You don’t necessarily need a campus board to work on your campus skills though. You can just climb boulders without using your feet. One legend of the climbing community who does this with the most incredible amount of style is Louis Parkinson, also known as Captain Cutloose. Even if you’re not really into climbing, this video is a great giggle and an excellent example of climbers absolutely mastering the art of dicking about.
There are even competitions for climbing without your feet. One particularly splendid example is the Beastmaker International Footless Festival, or BIFF for short. This competition is extremely fun to watch and I’m sure, if you have the upper body strength, extremely fun to compete in. As well as climbing boulders without feet, each year the competitors face more unorthodox challenges like shimmying along rotating tubes, swinging around on gymnastics rings, climbing ropes, or clinging onto slippery perspex spheres with their forearms as well as their palms. As you can see from the highlights of the 2018 competition, it’s ridiculous and a brilliant laugh.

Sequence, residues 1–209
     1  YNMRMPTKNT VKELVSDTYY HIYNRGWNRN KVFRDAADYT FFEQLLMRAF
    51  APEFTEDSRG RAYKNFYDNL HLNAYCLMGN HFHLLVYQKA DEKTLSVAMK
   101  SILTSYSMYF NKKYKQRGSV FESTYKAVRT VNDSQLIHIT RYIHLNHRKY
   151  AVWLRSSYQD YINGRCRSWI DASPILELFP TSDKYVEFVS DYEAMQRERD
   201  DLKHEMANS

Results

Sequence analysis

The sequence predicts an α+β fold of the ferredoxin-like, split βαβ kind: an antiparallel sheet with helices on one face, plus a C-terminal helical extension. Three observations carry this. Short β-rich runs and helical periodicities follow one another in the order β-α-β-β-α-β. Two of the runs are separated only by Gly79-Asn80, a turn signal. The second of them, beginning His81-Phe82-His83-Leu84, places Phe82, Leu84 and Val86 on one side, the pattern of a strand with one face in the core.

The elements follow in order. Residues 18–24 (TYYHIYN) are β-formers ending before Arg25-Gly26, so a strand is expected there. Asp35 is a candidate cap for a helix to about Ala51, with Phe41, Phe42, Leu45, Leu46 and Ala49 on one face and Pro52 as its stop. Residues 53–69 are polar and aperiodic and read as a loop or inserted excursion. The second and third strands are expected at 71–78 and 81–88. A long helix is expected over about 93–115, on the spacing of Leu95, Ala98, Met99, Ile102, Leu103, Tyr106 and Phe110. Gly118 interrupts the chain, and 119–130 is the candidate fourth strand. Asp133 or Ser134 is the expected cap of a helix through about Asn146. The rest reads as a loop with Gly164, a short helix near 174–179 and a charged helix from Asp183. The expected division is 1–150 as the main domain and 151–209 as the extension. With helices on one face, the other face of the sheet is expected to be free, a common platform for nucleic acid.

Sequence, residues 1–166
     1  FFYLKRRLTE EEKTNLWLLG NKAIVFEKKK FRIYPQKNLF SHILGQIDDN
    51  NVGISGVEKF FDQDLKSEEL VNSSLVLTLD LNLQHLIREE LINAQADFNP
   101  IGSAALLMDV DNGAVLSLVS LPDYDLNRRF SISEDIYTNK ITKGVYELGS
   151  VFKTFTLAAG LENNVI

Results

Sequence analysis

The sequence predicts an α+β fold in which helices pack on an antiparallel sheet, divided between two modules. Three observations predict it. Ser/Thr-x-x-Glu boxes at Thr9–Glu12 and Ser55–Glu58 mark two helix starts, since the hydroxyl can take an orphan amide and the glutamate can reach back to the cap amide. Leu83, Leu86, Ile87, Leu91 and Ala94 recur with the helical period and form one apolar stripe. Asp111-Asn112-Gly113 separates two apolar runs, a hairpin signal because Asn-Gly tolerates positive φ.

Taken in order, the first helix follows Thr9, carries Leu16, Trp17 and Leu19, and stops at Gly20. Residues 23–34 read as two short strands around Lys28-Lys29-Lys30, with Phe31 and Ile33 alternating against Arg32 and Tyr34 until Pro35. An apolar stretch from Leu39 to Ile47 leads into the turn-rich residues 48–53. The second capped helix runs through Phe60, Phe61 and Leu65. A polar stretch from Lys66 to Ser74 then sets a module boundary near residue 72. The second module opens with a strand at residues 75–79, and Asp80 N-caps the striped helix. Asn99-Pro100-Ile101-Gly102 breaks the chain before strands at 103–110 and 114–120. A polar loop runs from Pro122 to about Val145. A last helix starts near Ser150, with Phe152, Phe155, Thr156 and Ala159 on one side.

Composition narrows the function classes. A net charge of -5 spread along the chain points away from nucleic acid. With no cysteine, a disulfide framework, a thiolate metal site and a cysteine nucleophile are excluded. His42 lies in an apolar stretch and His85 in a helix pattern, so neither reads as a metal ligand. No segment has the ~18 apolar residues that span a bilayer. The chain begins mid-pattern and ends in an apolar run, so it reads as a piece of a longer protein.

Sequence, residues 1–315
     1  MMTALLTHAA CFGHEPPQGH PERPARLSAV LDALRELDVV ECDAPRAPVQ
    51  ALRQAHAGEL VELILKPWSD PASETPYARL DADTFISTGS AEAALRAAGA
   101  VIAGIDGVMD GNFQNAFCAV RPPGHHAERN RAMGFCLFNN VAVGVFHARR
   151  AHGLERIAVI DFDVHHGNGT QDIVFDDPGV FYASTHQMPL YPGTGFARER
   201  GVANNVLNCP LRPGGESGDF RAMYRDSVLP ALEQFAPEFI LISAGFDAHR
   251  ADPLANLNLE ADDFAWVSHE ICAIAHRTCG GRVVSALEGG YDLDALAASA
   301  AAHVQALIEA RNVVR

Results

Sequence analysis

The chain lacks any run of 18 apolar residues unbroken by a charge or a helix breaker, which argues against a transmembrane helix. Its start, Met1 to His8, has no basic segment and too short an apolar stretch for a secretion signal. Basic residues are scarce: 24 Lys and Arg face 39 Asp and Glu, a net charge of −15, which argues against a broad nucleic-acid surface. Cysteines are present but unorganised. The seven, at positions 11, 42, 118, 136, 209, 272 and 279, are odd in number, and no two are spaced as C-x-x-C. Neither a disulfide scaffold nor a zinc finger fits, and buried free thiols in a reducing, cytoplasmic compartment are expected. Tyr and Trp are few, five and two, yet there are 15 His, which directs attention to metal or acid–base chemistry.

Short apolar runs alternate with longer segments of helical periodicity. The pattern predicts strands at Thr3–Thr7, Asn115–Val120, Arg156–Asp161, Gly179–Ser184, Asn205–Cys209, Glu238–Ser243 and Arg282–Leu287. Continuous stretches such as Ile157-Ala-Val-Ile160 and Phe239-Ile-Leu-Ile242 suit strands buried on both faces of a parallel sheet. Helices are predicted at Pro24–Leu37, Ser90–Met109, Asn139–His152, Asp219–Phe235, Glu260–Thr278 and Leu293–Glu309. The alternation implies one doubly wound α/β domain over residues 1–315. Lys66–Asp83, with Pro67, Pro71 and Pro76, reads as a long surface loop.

My Experience With Campus Climbing
So, this footless climbing certainly looks like a lot of fun. However, as I mentioned, I’ve often shied away from boulders that require the climber to cut loose and campus boards intimidate the hell out of me. When I first started climbing, I simply wasn’t strong enough for this kind of malarkey. I used to absolutely love swinging around on the monkey bars when I was at primary school. Unfortunately, my power to weight ratio has gone in completely the wrong direction since then so it took a couple of years of climbing before I felt confident enough to take my body weight on just my arms. Even now I’ve been climbing for a good few years and I know I could benefit from training my campus skills, when I think about wandering up to a campus board or trying to climb a boulder without my feet my palms get sweatier than they normally do half-way up a slab wall. And that’s pretty darn sweaty.